People don’t typically think of the non-profit sector as big business but that’s exactly what it is, says Prof. Brenda Gainer, director of the Nonprofit Management & Leadership Program at the Schulich School of Business at York University, wrote the National Post Aug. 21. “It’s huge.” She’s not kidding.
And yet Schulich is the only business school in Canada offering an MBA in non-profit management. “It’s surprising to me,” says Gainer, who belongs to the US-based Nonprofit Academic Centers Council, an organization made up of directors of non-profit programs. “Even in the US, there are very few MBAs in non-profit management.”
“Social enterprise and corporate social responsibility are two different approaches to the same phenomenon,” Gainer says. “It’s sexy right now to see social change and issues addressed through business means. It’s much more in keeping with the ideology of business schools.”
Schulich is unique among business schools in its focus on the non-profit sector. It started its first non-profit program in 1983 and launched its Nonprofit Management MBA in 1993.
While there has been growth in non-degree programs for leaders in the sector, largely from community colleges, Gainer sees a need for the business schools to step up and develop management programs that are easier to access. “How can we make an MBA degree in non-profit management more accessible to people?” Gainer asks. “That’s the next 10 years of my career. The demand is there. We need education at all levels.”
Lawyers moving fast to be ‘players’ in propane blast lawsuits
They’re lawyers. But they want to be “players,” wrote the Toronto Star Aug. 21. And that explains why so many class-action litigators have filed lawsuits over the Sunrise Propane explosion – even before the cause is known and the cleanup is complete. The faster lawyers file a statement of claim, the better their chances of remaining part of the case when all of the lawsuits are consolidated into a single class-action consortium of lawyers.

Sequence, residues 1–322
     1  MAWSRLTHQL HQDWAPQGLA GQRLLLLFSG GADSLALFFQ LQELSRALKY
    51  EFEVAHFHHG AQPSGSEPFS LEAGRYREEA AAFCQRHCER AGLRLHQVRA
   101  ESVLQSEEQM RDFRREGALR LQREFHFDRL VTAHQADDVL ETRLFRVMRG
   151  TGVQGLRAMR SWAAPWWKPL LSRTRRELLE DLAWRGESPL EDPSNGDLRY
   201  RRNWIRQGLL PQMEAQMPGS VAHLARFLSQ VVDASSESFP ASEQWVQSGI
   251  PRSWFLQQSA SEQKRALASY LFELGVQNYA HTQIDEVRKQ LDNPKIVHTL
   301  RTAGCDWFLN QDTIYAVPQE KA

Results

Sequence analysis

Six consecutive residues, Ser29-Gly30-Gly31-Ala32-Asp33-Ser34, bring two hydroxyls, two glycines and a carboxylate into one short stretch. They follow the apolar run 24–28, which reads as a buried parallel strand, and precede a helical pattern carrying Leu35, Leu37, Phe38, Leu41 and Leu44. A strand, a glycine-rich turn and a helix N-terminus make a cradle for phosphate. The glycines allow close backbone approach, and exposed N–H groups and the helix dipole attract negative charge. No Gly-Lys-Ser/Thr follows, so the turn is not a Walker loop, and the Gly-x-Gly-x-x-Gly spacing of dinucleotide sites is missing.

“If you haven’t filed, you’re not a player,” said Garry Watson, a Toronto lawyer and professor in York’s Osgoode Hall Law School. “The main reason why there’s this rush of activity is to lead to the establishment of a consortium and for people to be selected to be part of the consortium,” said Watson.
Not your typical jock
A blocked kick in a Canadian Football League game Aug. 8 fell into the arms of third-year player and former York Lion Ricky Foley, who took the ball 30 yards for his first career touchdown on special teams, wrote The Vancouver Sun Aug. 21, in a story about BC Lions teammate Tad Crawford.
“At first, a lot of guys on this team didn’t know how to take Tad. At first, they didn’t know how to take me,” says Foley, a farm boy from southern Ontario who went to York University initially on a track scholarship. “If you come from a little bit different background, some of the guys can be a little harsh. But Tad has fit in really well. He’s a good dude and he makes plays. Everybody can see that.”
A relaxed Braid’s off to Brazil
Hamilton-born jazz pianist David Braid will soon have another feather in his cap, wrote the Hamilton Spectator Aug. 21. Come September, his David Braid Sextet will be the first Canadian group to play the Jazz Festival Brasil. Yet, for this all-expenses-paid Brazilian tour, half of the band will be subs. Reedman Mike Murley has commitments at York University where he is an instructor in the Music Department, Faculty of Fine Arts.